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Full text of "Treatise On Applied Analytical Chemistry(Vol-1)"

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paraffin wax, ceresine and beeswax being followed according to the type
of candle examined.                                                                      ^

For the quantitative, determinations it is well to melt a whole candle
or at least various pieces taken from several candles at different points in
order to obtain a homogeneous and representative sample.

It is further necessary to determine the weight of the wick, several
pieces being broken from one or more candles and weighed and the wick
then carefully separated and weighed : the weight of the wick is referred
to 100 parts of candle.

The commonest cases of analysis of candles are the following:

10 grams of the sample are heated and shaken with 50 c.c. of 90% alcohol
on the water-bath, the liquid being subsequently titrated withdecinormal
potassium hydroxide in presence of phenolphthalein : i c.c. N/io-KOH =
0-027 gram of stearinc (mean molecular weight of ordinary stearine = 270).

The liquid is then again heated on the water-bath for about an hour,
with frequent shaking, with 4-5 c.c. of concentrated potassium hydroxide
solution to saponify the small quantity of neutral fat or .any lactones present
in the stearine (for greater precision the saponification number also may
be determined). The solution is then diluted with water and allowed to
cool until the paraffin is thoroughly solidified to a solid disc, the aqueous
liquid being then decanted off and the paraffin washed several times with
water, being heated and cooled each time. The washed paraffin is finally
collected into a. dish, dried in an oven at 105 and weighed.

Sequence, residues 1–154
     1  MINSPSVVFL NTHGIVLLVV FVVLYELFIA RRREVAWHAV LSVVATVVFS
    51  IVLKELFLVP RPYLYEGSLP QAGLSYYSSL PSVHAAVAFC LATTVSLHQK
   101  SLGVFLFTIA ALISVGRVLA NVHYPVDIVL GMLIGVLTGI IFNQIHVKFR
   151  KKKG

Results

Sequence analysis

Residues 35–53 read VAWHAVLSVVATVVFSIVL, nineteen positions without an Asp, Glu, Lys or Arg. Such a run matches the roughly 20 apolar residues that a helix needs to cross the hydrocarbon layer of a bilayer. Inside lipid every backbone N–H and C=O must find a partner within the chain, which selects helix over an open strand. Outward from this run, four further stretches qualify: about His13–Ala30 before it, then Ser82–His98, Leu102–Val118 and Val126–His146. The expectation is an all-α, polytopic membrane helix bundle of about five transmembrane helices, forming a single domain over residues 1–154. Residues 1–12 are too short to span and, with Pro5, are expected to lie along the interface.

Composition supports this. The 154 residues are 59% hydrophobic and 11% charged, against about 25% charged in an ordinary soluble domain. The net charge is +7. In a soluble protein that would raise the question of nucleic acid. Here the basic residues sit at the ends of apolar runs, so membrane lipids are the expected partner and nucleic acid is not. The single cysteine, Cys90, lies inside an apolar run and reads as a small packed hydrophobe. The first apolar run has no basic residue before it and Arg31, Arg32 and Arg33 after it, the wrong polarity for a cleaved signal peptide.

The paraffin thus separated is then tested for ceresine by the methods
given on p. 364.

The stearic acid (stearine) calculated from the acid number and the
paraffin weighed directly are then referred to 100 parts of candle, allowance
being made for the weight of the wick (see example given below for case 6).

For rapid, approximate, determinations it is sufficient to calculate the
stearic acid from the acid number and the paraffin by difference.

it may be necessary to calculate either all three of the components or only
the paraffin (or ceresine).

i. Determination of all of the components. The acid and saponification
numbers are determined in the usual way, the various components being
then calculated as in the following example.

EXAMPLE : The wick of a candle is found to represent 0-4% of the weight
of the candle, while the wick-free mass has:

Acid number = 77-0
Saponification         ,,    = 84-7,
so that

Ester number =  7-7.

Assuming the mean ester number of wax to be 75, the mean saponification
number of wax to be 95 and the mea,n saponification number of stearic acid
to be 207, the various components are calculated as follows:

(a) The wax (x) is given by the ester number,

75 :100 :: 7-7 : n,


x = 10-26% of wax.uctions laid down in the articles on stearine, This is the method proposed by the Committee for the analysis of degras at the